by Alain Hoffmann
Dual batteries or high-output alternators? - part 1
To make things easier think of the battery as a water tank and the alternator is the punp that fills it. The more water the pump can provide the less the chance your reservoir will run dry. For some applications a short term drain will be acceptable. Winching, in analogy above, is like pulling the plug out of the reservoir. Adding a second reservoir is quite feasible but it will only double the time you can 'drain' them - and also double the time needed to refill.
An heavy electric winch on full pull takes between 350 and 450 Amps at 12 Volts, that's roughly 5000 Watts (12V x 450A=5400W). That's almost like shorthening the 2 posts and this puts an tremendous load on all parts concerned. Those 5000 Watts are required all the time.
At the start at 13,6V you have about 370 Amp draw.
If you pull hard the voltage starts slowly to drop from the 13,6V as it is without a charge to 12 Volts and below. At 12 V you have already 415 Amps draw. Under 12 Volts discharge begins.
The required voltage your starter needs is around 9,6 Volts and without that it will not engage. Once your battery drops there the winch will draw 520 Amps.
At 8 Volts the ignition switches off on most petrol models. First missfire occurs and then the engine dies. It's slightly better on diesels as they requiere no electricity. But wait, that's not right. Modern diesels have an diesel switch off valve required to stop the engine. This needs only a small amount of juice to keep open but if this is no longer available your diesel will stop as sure as any petrol engine. On elder diesels you had an manual shut off valve. In that case you can pull until your battery burns out. At Those 8 Volts the draw from the battery is 625 Amps! Those over 600 Amp draw is a tremendous stress for the battry as well as for the lines.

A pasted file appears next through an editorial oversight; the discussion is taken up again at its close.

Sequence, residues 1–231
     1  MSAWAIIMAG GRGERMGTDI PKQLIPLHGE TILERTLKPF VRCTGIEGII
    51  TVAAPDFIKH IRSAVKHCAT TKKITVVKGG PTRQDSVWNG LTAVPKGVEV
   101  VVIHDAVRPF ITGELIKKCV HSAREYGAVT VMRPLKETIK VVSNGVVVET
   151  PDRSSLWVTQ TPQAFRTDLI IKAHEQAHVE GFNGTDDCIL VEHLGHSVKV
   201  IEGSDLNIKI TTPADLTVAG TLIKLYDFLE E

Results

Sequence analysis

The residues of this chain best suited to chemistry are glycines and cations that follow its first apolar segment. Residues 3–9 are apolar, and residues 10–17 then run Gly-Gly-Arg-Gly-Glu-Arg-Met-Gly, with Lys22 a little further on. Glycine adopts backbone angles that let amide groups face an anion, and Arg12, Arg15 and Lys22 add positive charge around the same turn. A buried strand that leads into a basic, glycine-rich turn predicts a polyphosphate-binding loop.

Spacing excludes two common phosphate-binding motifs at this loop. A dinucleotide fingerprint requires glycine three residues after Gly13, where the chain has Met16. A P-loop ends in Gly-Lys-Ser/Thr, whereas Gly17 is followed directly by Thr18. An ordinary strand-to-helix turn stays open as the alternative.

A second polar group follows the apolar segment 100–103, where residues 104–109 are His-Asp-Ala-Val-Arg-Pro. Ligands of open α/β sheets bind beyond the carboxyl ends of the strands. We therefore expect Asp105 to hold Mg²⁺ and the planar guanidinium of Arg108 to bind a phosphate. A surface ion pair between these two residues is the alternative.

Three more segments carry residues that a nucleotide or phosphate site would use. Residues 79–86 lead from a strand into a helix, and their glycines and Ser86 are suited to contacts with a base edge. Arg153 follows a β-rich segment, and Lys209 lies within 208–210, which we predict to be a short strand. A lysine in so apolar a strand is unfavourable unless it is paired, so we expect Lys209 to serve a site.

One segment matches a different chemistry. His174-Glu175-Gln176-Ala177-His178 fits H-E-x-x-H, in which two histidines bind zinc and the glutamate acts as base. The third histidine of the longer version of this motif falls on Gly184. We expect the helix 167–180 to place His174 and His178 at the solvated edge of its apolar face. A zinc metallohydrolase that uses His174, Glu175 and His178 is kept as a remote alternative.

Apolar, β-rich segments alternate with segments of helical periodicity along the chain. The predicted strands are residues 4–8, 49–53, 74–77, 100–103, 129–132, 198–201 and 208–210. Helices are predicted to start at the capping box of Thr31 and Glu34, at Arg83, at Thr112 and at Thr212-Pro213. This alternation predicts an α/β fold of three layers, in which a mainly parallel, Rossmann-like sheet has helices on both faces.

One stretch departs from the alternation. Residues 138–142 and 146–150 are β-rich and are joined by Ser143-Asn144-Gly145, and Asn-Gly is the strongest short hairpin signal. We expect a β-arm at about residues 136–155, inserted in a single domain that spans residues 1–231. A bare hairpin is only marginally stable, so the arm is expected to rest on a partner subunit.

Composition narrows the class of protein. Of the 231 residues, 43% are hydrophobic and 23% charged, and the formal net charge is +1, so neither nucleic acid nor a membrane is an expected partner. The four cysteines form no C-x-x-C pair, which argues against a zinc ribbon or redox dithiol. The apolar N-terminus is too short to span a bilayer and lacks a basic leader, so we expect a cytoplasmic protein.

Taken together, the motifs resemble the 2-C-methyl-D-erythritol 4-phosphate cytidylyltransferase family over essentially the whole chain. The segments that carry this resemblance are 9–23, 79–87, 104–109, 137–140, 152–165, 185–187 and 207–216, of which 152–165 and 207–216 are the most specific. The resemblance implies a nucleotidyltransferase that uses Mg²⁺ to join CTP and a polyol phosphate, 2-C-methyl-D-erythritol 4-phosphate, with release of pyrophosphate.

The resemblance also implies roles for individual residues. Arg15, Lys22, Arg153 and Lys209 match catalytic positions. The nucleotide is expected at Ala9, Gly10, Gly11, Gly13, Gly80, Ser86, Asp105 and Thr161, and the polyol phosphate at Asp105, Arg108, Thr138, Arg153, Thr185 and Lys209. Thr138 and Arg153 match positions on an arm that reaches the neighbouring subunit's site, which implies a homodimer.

That's it pretty much. If you stalled the engine by running under this elusive 8V barrier you will need a jump start or a tug to restart it. You can wait for half an hour for the battery to recover as they are supposed to do.
In all this time the alternator tries to refill the battery. The standard alternators used to be way too small for the requirements of this. Land Rover used 35 and 45 Amps models. Today with the increase in electronics they have at least 100 Amps. Now let's start with such an 100 Amp unit. If your winch pulls 2 minutes on full load (which isn't much) your alternator needs 10 minutes to recharge the battery. This however is an ideal figure not reached under normal conditions. It's much more likely you will need 15 minutes to recharge for every 2 minutes of pull. If you have an 45 Amp unit you will need at least half an hour for this - this makes an 7% resp. 14% duty cycle.
That's not too bad for the winch too. The winch, as any electric motor, puts out only a fraction of the input as mechanical energy. In good circumstances not less than 2/3th are put out as heat. Imagine an 3000 Watt heater inside the small winch and it becomes clear why most electric winches are burned out under heavy work and why you msut give them time to cool down.
In fact the whole scenario is even worse. The resistance inside the winch increases while the temperature increases so producing even more heat. The alternator gives it's rated output only above an certain rpm and if the battery is discharged enough - and if it's not overheated.